Mauritania is a Least Developed Country (LDC). The country has limited agrarian resources but contains extensive mineral deposits, most notably iron ore but also copper and gold. Mauritania’s coastal waters are among the world’s richest fishing grounds, and the country benefits from a fishing agreement with the European Union. As a result, Mauritania’s main source of foreign revenue comes from exporting fish and iron ore.
In 2010-2013, economic growth has been around 5% and it is expected to continue around the same rate in the next few years, mostly because of rising prices of copper, iron ore, and oil and increasing foreign direct investments in the mining and oil sectors. Despite this positive performance, the Mauritanian economy, still suffers from serious institutional weaknesses, continued trade deficit and the fragility of the economic growth. Major exports are iron Ore (46%), non-fillet frozen Fish (16%), and gold (11%). China, France, Spain, Japan, and the United Arab Emirates are the main trade partners.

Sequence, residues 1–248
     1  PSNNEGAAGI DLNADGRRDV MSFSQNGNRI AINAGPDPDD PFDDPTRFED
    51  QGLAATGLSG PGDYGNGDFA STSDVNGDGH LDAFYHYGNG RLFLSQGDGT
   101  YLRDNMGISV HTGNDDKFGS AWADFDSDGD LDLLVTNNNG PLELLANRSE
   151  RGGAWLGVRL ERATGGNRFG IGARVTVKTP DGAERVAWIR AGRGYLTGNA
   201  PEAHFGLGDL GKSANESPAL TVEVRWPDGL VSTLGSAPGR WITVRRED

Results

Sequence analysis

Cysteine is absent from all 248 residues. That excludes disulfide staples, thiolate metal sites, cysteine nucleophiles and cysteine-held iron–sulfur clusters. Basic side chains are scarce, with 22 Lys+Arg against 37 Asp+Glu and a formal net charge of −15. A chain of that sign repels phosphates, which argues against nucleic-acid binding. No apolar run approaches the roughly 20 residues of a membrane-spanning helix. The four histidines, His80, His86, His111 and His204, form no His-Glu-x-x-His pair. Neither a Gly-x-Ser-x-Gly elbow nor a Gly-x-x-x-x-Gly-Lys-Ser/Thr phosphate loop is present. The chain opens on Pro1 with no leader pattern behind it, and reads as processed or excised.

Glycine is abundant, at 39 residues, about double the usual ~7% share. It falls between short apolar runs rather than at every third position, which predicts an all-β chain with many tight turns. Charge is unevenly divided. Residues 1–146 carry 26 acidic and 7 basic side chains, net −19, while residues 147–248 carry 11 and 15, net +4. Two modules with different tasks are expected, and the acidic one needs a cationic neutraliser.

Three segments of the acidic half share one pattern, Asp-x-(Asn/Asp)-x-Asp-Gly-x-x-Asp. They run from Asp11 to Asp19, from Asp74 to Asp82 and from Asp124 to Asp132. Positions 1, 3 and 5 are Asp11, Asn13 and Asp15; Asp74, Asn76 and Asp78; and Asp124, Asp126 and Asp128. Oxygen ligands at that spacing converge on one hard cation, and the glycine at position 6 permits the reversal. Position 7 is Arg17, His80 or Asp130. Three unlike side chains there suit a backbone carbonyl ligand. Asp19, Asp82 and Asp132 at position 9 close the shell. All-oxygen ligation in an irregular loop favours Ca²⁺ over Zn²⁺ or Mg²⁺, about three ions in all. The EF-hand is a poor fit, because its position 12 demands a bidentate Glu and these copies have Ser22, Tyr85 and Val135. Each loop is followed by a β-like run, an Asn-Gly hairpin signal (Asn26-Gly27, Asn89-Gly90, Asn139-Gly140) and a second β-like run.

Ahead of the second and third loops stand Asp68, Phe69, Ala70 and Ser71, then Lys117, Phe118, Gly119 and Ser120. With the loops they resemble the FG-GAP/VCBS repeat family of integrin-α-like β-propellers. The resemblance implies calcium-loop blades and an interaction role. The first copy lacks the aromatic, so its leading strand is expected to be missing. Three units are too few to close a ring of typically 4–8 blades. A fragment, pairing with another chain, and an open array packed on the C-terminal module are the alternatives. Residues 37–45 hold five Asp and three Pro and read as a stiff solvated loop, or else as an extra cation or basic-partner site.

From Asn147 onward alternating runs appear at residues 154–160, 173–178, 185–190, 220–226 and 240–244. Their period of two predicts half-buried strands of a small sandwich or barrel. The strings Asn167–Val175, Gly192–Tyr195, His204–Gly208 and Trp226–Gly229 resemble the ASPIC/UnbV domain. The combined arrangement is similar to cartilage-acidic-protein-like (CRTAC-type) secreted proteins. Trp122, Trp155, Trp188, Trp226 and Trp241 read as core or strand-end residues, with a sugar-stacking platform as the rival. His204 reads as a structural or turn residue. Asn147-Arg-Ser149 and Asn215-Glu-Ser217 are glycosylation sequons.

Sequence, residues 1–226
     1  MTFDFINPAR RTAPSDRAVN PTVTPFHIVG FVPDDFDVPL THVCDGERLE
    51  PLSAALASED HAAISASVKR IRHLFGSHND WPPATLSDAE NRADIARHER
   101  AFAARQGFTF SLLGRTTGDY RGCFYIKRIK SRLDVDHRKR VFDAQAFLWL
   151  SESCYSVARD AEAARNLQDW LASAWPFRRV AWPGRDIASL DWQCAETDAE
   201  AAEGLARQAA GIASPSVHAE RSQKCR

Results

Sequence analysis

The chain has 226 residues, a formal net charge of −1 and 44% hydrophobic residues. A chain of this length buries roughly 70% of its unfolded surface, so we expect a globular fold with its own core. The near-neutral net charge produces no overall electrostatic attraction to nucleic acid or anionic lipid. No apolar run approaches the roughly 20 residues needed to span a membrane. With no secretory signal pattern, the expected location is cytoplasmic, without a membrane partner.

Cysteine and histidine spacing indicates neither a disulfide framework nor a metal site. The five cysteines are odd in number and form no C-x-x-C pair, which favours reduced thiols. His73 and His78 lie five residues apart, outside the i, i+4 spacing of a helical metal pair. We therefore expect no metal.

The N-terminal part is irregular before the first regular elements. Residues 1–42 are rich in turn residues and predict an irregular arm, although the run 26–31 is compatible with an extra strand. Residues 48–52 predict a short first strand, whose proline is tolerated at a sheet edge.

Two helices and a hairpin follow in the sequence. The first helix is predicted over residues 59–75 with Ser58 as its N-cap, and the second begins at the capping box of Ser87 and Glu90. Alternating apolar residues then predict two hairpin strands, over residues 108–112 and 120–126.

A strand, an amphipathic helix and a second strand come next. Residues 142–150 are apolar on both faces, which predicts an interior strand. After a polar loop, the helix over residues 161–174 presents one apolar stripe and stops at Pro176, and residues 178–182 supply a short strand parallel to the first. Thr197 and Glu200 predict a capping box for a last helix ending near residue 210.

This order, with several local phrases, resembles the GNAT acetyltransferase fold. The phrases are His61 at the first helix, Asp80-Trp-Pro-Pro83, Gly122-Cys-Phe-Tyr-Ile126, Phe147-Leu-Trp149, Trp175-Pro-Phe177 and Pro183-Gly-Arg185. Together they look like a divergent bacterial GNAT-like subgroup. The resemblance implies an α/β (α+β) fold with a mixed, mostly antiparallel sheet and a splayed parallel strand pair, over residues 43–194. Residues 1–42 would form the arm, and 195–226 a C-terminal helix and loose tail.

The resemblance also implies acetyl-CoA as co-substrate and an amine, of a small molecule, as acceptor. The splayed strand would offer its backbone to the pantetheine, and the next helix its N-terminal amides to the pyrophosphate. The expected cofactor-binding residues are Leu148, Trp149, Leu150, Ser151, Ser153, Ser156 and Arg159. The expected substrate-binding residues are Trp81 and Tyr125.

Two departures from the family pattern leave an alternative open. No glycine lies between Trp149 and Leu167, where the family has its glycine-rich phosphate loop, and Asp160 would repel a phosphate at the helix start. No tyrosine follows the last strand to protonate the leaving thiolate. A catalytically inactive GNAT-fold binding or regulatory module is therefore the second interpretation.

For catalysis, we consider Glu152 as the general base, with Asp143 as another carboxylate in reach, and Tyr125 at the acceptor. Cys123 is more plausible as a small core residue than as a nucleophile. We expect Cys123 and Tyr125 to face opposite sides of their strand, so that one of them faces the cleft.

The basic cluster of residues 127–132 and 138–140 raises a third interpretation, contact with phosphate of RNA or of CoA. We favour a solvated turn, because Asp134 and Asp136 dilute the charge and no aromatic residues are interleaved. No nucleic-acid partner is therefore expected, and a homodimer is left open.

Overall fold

Mauritania has been a member of the WTO since 1996. It is member of the League of Arab States and the Arab Maghreb Union. It is also part of the Cotonou Agreement. Mauritania also signed economic and commercial agreements with many Arab, African, Asian and European Countries. The country benefits from the Enhanced Integrated Framework, the Aid For Trade and other trade initiatives, but the benefits so far have been limited.